Simpler Servos Extend Their Reach

The Line Between Servos and Steppers Motors Have Started to Blur with the Latest Innovations in Servo Motors

Jim MontagueBy Jim Montague, Executive Editor

Servo and stepper motors have different basic technologies and histories because they've served different applications. However, recent efficiency gains and innovations are causing the line between servos and steppers to blur, especially as faster, cheaper and more powerful data processing analyzes motor feedback data, and enables new levels of servo motor performance.

"One of the main trends we see has been a shift to direct-drive technology, and the elimination of mechanical transmissions, gearboxes and timing belts," says Tom England, director of global product planning at Kollmorgen (www.kollmorgen.com). "Electromagnetic drives are being coupled to drive loads directly, and more are getting adopted because they cost less than before and are simpler to implement. Also, related electronics are being integrated nearer or directly onto servo motors, which saves space in control cabinets."

Jay Schultz, product manager for motors at Parker Hannifin (www.parker.com), adds that a lack of rare-earth metals, which come mainly from China, and resulting high prices will continue to cause problems for servo motor builders and their users. "We'll have tumult until the rest of the world revives production of rare earths," he says. "Until then, everyone is redesigning servo motors to use less material, even as some of our servo motors are used in more new industrial and transportation applications."

In addition, servo motors are moving beyond high-end motion applications and into regular-velocity, basic motor settings, reports Jesse Henson, manager for motion and PLCs at Baldor Electric (www.baldor.com). "These users want the same advantages that servos can provide of being able to vary speed and gain efficiency," Henson says. To ease this transition, some of Baldor's servo motors even have a rounded body to look like regular ac induction motors.

"We're also seeing growth in the use of high-pole-count, high-speed servo motors with two, four or six poles on the motor," says Don Labriola, PE, president of QuickSilver Controls (www.quicksilvercontrols.com). "This gives them better torque capacity, and the ability to drive many different kinds of loads without needing traditional gearheads. Also, servos are less likely to lose operational steps because their loads are electrically controlled, and so they're better able to give users increased performance, throughput and quality."

For example, QuickSilver's DSP-based servo motor combines its drive, servo controller, indexer and PLC in one package. "It takes 9 ms to ramp up, 10 ms of slewing to reach constant speed, and another 9 ms to ramp to a stop," Labriola says. "This can help users, such as semiconductor machine builders, who want to shrink their devices, but still have more capabilities with fewer embedded chips. In general, servos can be reduced in size, increase efficiency, or use less power depending on what each application demands."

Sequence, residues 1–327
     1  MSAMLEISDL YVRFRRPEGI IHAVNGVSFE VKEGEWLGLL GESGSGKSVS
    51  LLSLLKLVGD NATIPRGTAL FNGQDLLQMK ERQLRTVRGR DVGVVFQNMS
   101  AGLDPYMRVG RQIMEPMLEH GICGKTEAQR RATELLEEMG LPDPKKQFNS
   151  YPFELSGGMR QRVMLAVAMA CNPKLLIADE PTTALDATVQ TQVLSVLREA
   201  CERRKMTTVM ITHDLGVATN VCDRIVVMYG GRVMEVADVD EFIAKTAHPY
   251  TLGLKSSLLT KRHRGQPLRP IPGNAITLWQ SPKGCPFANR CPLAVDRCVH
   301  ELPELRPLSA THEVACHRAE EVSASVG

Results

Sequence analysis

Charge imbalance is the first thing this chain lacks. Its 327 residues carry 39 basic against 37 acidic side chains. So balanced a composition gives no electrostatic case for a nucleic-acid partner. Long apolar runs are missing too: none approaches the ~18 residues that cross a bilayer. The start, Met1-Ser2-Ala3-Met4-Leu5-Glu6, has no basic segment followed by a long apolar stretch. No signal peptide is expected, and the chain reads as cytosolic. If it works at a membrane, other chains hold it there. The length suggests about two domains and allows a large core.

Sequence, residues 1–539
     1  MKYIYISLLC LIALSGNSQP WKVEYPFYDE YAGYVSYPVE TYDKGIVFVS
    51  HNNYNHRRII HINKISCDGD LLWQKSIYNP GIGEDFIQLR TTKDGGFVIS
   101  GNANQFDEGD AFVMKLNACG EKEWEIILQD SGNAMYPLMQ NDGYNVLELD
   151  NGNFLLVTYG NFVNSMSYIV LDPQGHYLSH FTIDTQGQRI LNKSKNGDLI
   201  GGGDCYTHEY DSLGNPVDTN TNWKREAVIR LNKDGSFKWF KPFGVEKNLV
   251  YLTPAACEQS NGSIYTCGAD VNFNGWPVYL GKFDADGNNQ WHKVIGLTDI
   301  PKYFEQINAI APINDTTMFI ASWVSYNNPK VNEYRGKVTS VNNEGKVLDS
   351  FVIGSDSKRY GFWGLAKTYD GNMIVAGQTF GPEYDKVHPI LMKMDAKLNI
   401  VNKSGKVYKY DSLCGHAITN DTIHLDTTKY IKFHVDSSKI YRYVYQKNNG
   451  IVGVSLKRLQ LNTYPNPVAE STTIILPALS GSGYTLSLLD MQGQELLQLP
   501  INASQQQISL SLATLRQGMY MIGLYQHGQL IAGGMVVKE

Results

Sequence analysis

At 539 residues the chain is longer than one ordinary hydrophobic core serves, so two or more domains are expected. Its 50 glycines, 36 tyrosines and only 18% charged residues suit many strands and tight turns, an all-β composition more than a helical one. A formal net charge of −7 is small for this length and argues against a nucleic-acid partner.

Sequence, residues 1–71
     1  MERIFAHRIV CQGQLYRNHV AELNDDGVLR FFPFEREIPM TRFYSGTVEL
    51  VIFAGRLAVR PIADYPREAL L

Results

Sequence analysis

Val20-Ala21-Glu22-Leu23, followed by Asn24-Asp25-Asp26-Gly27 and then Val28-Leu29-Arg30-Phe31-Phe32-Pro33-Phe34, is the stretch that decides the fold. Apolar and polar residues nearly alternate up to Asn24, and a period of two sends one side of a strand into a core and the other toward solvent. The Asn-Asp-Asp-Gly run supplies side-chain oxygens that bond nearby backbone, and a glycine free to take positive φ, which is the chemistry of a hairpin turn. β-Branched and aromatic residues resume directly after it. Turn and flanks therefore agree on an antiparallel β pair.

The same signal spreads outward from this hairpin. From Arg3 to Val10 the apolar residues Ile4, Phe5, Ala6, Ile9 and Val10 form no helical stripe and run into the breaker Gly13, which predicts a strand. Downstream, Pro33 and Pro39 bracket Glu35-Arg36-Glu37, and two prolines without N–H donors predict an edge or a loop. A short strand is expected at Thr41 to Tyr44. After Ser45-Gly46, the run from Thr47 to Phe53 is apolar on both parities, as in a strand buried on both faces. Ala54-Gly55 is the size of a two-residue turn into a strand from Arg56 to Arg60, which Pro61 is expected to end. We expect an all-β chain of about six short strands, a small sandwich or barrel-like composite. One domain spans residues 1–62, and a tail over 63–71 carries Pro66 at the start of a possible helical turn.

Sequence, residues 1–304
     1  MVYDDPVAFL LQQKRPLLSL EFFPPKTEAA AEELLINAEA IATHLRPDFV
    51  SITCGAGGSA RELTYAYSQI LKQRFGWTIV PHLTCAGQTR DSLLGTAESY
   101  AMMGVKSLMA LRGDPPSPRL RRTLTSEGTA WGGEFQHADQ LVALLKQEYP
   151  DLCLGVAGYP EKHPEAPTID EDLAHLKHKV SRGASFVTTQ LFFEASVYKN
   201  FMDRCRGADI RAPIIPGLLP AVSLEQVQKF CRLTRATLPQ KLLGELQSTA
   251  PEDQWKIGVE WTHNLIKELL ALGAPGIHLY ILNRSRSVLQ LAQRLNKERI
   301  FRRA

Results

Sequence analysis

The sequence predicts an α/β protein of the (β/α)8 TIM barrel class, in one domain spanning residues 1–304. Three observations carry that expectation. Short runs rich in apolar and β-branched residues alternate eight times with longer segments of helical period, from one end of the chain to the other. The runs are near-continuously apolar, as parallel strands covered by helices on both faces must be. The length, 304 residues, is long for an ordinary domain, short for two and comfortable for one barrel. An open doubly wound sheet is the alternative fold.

In the past five years, it's become more common for servo motors to have continuously updated autotuning during a machine's normal operations, according to Joe Kimbrell, product manager for drives, motors and motion control at AutomationDirect (www.automationdirect.com). AutomationDirect's servo motors and drives use an adaptive, auto-tuning capability to change parameters based on what they're experiencing. "For a long time, we've had two worlds—those who adopted servos 20 years ago and those who still used drive shafts—and this was partly because it took a lot of education and programming to apply servos, especially in multi-axis applications," Kimbrell says. "Now, software does a lot of this work for users, and you don't have to be as much of an expert to program a motion system and use servos."

Likewise, Beckhoff Automation (www.beckhoffautomation.com) makes servo drives and controls to operate mostly small, 48 V servo motors in simple applications, rather than the usual stepper motors and pneumatics. "More recently, servos are getting easier and more economical to use, and so they also can be scaled up for some larger and more complex applications," says Graham Harris, Beckhoff's president. To get further into the act, Beckhoff formed a joint venture with Fertig Motors, headquartered in Marktheidenfeld, Germany, to launch its own line of servo motors in 2012.

Show Comments
Hide Comments

Join the discussion

We welcome your thoughtful comments.
All comments will display your user name.

Want to participate in the discussion?

Register for free

Log in for complete access.

Comments

No one has commented on this page yet.

RSS feed for comments on this page | RSS feed for all comments